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Thursday, December 12th, 2019

Central Java manufacturing base

by November 16, 2016 General

Central Java is poised to become a major production base for labor-intensive industries with the inauguration on Monday of the first stage of the development of a 2,700-hectare industrial estate at Kendal, near the provincial capital of Semarang and its largest seaport Tanjung Emas.

The development of almost 1,000 ha of the Kendal Industrial Park (KIP), a joint venture between Indonesia-based Jababeka and Singapore-based Sembcorp, is scheduled to be completed within the next four years with all the necessary infrastructure and other supporting facilities needed for the smooth operation of modern industrial estates such as those in China, Vietnam and Thailand.

The experiences of most major industrial estates already operating in major Indonesian cities like Jakarta, Bandung, Surabaya, Medan and Batam show how such well-planned industrial zones, supported by adequate infrastructure, such as easy access to airports and seaports, power, bonded warehouses, training facilities and residential and commercial areas, have contributed greatly to speeding up the growth of manufacturing industries.

The next advantage is that industrial estates also assist the government in regulating the growth of specific industries in one zone, so the industry grows in an orderly manner through the development of clusters and not sporadically.

The KIP is one of the largest industrial estates developed in the country over the last few years. Domestic investors and those from Malaysia and Singapore have entered the KIP, building 20 labor-intensive manufacturing plants to produce textiles and garments, furniture, food and steel with a US$320 million investment and 4,000 employees.

There are several factors behind the smooth development of the KIP. The primary one is that both investors are the largest and most experienced developers of industrial parks in their respective home countries. In fact, Sembcorp has experience in developing industrial parks in Batam, Bintan, Vietnam and China.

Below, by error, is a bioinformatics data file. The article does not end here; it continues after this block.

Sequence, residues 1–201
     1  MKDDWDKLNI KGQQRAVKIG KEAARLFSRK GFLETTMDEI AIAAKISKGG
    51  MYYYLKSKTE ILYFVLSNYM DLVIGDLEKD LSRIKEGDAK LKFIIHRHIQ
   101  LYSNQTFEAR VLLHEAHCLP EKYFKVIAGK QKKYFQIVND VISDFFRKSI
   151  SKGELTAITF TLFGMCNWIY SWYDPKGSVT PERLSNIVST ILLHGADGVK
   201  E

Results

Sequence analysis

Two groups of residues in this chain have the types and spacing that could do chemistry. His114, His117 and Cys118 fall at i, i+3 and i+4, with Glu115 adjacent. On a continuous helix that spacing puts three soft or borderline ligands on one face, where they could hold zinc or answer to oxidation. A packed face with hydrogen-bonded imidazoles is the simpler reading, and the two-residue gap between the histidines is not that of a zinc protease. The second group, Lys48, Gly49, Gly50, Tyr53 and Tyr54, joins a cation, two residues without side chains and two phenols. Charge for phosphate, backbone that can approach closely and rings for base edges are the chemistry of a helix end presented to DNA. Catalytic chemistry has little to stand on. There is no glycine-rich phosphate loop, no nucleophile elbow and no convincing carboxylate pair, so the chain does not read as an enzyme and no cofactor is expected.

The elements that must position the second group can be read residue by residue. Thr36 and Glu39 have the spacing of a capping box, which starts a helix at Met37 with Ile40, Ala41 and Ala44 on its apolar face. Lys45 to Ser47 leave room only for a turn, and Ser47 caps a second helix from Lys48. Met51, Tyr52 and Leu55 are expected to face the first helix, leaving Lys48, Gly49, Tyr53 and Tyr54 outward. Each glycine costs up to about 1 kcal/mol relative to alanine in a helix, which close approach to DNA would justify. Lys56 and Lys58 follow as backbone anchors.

Another important ingredient is the enthusiasm and determination of Central Java Governor Ganjar Pranowo to turn his province into a new base for labor-intensive manufacturing companies, a sector that has so far been dominated by Jakarta and Surabaya and their surrounding areas. He went the extra mile in the effort to expedite all the local permits and land appropriation procedures for the KIP.

Yet more crucial is the full support Ganjar has received from President Joko “Jokowi” Widodo. The Investment Coordinating Board (BKPM), on Jokowi’s instruction, has pledged to complete most of the permits needed by investors to operate in industrial estates within three hours.

Certainly, investors should be attracted to the KIP because they need not bear the infrastructure costs. Land costs are also about a third of the cost of land in Jakarta and so too are the labor costs. Although Jakarta and the surrounding West Java industrial zones are better connected, their ports and roads have increasingly become congested and port facilities are severely stretched.

We hope the KIP development model can be replicated in other provinces to spread more growth centers outside Java.